Previewing Virginia

The 3-1 Clemson Tigers will head to Charlottesville for a Thursday night nationally televised contest versus the Virginia Cavaliers with plenty on the line in the ACC pecking order.

In this 11 part series I will break down and predict each Clemson football game for the 2004 season. Of course, much can and will change as fall practice commences and the season progresses. So by no means do I envision a scenario where I am perfect, but the hope is to give a realistic view of where Clemson, and the rest of the ACC, will fall in the upcoming season.

Week #1: Previewing Wake Forest
Week #2: Previewing Georgia Tech
Week #3: Previewing Texas A&M
Week #4: Previewing Florida State

October 7
Clemson at Virginia 7:45, ESPN
The Cavaliers are coming off a 8-5 season with wins over Duke, Western Michigan, Wake Forest, North Carolina, Troy State, Georgia Tech, Virginia Tech and Pittsburgh. Their 5 losses came to South Carolina, Clemson, Florida State, North Carolina State, and Maryland.

As I predicted in previous articles, Clemson will enter the game 3-1 and will be coming off a loss to Florida State. Virginia should be off to a 4-0 start to the season with wins over Temple, North Carolina, Akron, and Syracuse. The Cavaliers will be playing their 4th straight home game after opening the season in Philadelphia against the Owls.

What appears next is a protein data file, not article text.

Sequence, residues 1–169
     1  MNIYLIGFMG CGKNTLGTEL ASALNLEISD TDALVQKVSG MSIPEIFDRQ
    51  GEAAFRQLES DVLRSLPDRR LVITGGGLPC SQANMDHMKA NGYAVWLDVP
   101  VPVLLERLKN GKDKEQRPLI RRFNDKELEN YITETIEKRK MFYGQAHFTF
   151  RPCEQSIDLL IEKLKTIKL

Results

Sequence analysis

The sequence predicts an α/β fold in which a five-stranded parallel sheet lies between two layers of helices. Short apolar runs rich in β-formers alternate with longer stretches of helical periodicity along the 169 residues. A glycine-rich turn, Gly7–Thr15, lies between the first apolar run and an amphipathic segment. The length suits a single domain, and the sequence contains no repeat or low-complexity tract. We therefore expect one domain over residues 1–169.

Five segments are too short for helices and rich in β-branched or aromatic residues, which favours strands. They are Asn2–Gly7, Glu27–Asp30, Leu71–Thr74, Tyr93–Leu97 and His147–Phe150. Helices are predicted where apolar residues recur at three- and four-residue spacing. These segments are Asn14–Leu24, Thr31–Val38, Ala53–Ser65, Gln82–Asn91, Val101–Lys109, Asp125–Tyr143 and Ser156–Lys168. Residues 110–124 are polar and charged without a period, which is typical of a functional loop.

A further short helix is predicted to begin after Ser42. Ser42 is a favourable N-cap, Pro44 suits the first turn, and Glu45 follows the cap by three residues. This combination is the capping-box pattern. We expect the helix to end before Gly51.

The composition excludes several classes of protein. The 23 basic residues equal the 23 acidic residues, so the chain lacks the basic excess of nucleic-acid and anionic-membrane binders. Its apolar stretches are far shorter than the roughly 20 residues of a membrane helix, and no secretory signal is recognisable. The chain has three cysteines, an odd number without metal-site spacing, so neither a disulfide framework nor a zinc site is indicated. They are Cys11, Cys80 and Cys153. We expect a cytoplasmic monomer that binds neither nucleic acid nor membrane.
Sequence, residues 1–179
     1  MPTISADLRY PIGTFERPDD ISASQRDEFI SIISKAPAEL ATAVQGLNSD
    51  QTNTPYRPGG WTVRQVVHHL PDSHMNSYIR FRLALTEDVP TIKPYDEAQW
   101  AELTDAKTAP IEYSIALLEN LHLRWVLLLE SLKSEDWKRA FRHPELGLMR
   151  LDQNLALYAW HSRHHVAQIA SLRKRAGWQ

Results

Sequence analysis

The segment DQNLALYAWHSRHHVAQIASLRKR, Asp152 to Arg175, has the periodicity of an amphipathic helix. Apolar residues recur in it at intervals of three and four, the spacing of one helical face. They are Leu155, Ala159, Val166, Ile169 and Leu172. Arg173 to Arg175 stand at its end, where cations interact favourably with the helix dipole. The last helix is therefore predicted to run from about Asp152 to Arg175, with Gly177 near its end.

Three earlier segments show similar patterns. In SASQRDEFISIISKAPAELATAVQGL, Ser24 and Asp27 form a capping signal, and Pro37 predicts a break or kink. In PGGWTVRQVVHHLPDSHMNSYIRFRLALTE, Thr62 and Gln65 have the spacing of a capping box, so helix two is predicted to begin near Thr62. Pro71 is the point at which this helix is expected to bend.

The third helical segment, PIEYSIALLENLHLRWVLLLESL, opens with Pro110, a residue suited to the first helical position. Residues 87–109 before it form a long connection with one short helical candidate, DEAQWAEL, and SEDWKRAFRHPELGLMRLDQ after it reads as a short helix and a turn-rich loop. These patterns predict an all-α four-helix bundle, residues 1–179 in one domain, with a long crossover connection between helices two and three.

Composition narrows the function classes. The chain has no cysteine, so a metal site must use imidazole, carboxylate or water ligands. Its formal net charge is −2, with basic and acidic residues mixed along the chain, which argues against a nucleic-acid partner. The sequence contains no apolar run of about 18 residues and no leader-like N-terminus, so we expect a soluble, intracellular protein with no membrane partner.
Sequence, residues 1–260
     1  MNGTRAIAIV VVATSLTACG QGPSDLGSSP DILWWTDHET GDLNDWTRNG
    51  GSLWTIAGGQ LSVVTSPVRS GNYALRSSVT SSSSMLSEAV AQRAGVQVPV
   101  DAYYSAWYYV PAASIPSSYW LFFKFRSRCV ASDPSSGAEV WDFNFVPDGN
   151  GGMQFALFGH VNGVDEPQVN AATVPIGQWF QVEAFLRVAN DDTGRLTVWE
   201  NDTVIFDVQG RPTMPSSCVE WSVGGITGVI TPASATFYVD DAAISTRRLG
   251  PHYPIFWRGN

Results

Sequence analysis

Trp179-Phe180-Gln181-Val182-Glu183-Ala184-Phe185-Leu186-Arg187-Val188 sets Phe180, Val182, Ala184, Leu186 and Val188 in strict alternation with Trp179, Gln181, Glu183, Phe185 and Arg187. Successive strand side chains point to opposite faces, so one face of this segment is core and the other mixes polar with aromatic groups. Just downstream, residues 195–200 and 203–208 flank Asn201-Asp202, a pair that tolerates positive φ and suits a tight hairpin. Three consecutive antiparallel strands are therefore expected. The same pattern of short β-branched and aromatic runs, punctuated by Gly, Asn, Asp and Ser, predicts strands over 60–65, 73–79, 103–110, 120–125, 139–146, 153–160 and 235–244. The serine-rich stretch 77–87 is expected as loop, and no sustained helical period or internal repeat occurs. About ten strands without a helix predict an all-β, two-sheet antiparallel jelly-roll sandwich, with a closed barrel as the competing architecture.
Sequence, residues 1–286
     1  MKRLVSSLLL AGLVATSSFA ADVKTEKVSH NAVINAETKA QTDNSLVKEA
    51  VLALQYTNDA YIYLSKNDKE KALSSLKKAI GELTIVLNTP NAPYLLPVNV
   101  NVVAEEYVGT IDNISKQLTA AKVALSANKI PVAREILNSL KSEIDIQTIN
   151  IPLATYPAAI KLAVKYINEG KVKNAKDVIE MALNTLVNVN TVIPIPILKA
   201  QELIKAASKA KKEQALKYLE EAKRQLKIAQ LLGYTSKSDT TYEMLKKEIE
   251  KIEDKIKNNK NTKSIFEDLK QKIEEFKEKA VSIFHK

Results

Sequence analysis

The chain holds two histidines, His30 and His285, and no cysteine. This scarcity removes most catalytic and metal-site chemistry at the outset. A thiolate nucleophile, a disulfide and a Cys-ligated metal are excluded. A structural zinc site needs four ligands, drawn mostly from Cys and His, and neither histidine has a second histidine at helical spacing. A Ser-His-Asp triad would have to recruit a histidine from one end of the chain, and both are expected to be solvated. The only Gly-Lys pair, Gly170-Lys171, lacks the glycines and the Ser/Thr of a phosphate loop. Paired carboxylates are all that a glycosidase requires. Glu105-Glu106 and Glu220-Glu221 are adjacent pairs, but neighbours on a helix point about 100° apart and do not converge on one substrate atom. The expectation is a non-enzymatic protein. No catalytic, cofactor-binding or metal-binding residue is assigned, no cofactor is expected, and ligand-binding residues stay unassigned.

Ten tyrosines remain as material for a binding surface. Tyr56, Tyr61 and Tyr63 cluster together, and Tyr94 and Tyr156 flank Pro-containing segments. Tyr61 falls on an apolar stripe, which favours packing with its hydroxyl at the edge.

In all likelihood, both teams will be ranked in the top 25 heading into this Thursday night showdown.

On offense, the predictable Cavaliers will have to find a replacement for All-ACC QB Matt Schaub. Schaub was arguably one of the top quarterbacks in the country and his early draft status attested to that fact. Marques Hagans, the apparent leader for the job of replacing Schaub, has had a sketchy spring after being arrested in April and charged with disorderly conduct. While Hagans was acquitted of the misdemeanor chargers, the impact of a team leader being arrested has yet to be played out.

Head coach Al Groh has hinted all spring that he may take the pressure off Hagans and simply run the ball more. If the spring game is any indication, Groh is not kidding. But at some point the Cavs will have to be able to throw it if they want to finish in the top half of the conference, and the jury is most defiantly out on Hagans ability through the air.

While UVA may have trouble throwing the ball, there is no lack of talent at running back. Wali Lundy and Alvin Pearman are as good a tandem at running back that there is in the league, and they both will more than likely carry the offensive load for the Cavaliers.